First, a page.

The UK law is not working - but will anything be done about it

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“I have made a commitment, too, to provide an independently chaired review of the new controls after their first year of operation. As I made absolutely clear to the relevant organisations in our private meetings, the review will play an important role in policy making and in assessing whether the new controls worked as expected. It will assess whether people have found new ways of getting around the rules or whether they are simply not complying with the rules. If the new arrangements are found not to be working, because they have been circumvented or because new methods emerge, the Government will respond proportionately and take the next step of considering further legislative action. We have therefore put robust measures in place.

“Let me make the position absolutely clear: the Government are determined to take tough action to stamp out those practices and to prevent marketing activity that directly or indirectly undermines breastfeeding.”

Dawn Primolo MP, Speaking in Parliament as Minister for Public Health, 16 January 2008, Hansard.

As explained on the previous page, given the undertakings made by the Government Minister in meetings with us, we are extremely disappointed by the draft review report. This ignores the marketing strategies shown in the report we submitted (shown on previous page).

Instead of examining whether breastfeeding is undermined it looked only at whether babies fed on formula are receiving follow-on formula too early. As the UN Committee on the Rights of the Child commented when calling for the Government to implement the minimum international marketing standards, “aggressive marketing of breastmilk substitutes remains common.” (see page 11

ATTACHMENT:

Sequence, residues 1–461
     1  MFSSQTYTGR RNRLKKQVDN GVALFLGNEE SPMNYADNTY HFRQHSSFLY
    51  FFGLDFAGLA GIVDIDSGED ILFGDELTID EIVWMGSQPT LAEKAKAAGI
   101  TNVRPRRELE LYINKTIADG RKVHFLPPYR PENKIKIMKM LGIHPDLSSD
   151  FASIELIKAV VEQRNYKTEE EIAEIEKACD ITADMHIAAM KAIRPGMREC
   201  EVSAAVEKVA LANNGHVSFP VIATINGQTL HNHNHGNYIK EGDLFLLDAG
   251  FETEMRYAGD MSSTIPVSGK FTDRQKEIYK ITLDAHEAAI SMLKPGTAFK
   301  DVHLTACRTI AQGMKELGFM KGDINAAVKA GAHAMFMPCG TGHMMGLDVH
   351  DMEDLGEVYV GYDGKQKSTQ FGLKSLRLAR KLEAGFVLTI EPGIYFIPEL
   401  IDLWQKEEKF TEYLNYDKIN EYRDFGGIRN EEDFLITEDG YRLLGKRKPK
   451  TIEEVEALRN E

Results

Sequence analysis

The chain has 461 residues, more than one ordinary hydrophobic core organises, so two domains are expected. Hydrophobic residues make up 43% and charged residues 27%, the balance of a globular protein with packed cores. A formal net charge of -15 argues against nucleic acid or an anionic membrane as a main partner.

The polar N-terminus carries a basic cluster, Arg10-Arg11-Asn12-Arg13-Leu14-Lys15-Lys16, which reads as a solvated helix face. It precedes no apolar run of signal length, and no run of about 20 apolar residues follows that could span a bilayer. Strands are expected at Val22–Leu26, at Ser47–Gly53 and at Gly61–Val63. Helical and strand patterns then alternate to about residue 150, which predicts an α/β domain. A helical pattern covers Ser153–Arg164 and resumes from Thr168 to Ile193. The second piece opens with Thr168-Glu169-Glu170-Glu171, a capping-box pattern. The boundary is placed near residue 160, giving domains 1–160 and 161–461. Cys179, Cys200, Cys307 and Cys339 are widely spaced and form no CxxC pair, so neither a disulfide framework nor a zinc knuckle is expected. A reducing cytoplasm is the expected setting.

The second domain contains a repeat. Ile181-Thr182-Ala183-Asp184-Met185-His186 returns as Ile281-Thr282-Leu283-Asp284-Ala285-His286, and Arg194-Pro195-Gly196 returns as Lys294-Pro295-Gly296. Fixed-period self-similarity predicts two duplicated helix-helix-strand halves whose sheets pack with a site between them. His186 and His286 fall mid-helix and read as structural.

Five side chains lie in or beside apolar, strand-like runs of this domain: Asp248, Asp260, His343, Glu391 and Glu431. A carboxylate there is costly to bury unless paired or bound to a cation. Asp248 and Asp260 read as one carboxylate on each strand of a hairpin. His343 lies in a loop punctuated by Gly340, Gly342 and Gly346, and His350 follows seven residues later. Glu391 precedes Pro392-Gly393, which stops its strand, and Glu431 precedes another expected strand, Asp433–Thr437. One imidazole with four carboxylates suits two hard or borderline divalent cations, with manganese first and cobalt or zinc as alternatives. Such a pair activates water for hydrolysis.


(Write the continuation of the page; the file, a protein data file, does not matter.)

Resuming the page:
Here are some examples (all Danone) from the report submitted to the Independent Review Panel. Left: The cover of a Cow & Gate gift pack given to parents when they go to register the birth of their babies, containing postcards with the Cow & Gate brand to announce the birth. The Cow & Gate branded website is promoted, where infant formula is advertised. Below: This advertisement is for Aptamil formula in Community Practitioner journal stating that claims about the benefits of prebiotics (a term that is not permitted on labels) are scientifically proven and that Aptamil is the ‘Best Infant Formula’. Similar claims were made in an advertisement to the public for Aptamil follow-on formula, but the Advertising Standards Authority ruled that the claims were not supported by the evidence, nor was it proven that Aptamil is the ‘Best Follow-on Formula’. The Guidance Notes for the law say that ASA rulings should apply across all promotional methods, but the ASA says it has no remit to enforce this. The ASA also refuses to investigate advertisements in health worker journals. The review ignores these and other failings with the regulatory system.



Aptamil Community Practitioner December 200

Recommendation of the Committee on the Convention on the Rights of the Child 

The Committee, while appreciating the progress made in recent years in the promotion and support of breastfeeding in the State concerned that implementation of the International Code of Marketing of Breastmilk Substitutes continues to be inadequate and that aggressive promotion of breastmilk substitutes remains common.... The Committee recommends that the State party implement fully the International Code of Marketing of Breastmilk Substitutes. (CRC to UK Sept ‘08)


  • In an article in EU Food Law, (21.08.09) Danone queried the expert used by the ASA in its adjudication and said it would not be removing the claims from either its website or its product labels. The Trading Standards body (LACORS) said it may investigate taking enforcement action. The ASA has indicated that it may include websites in the near future.

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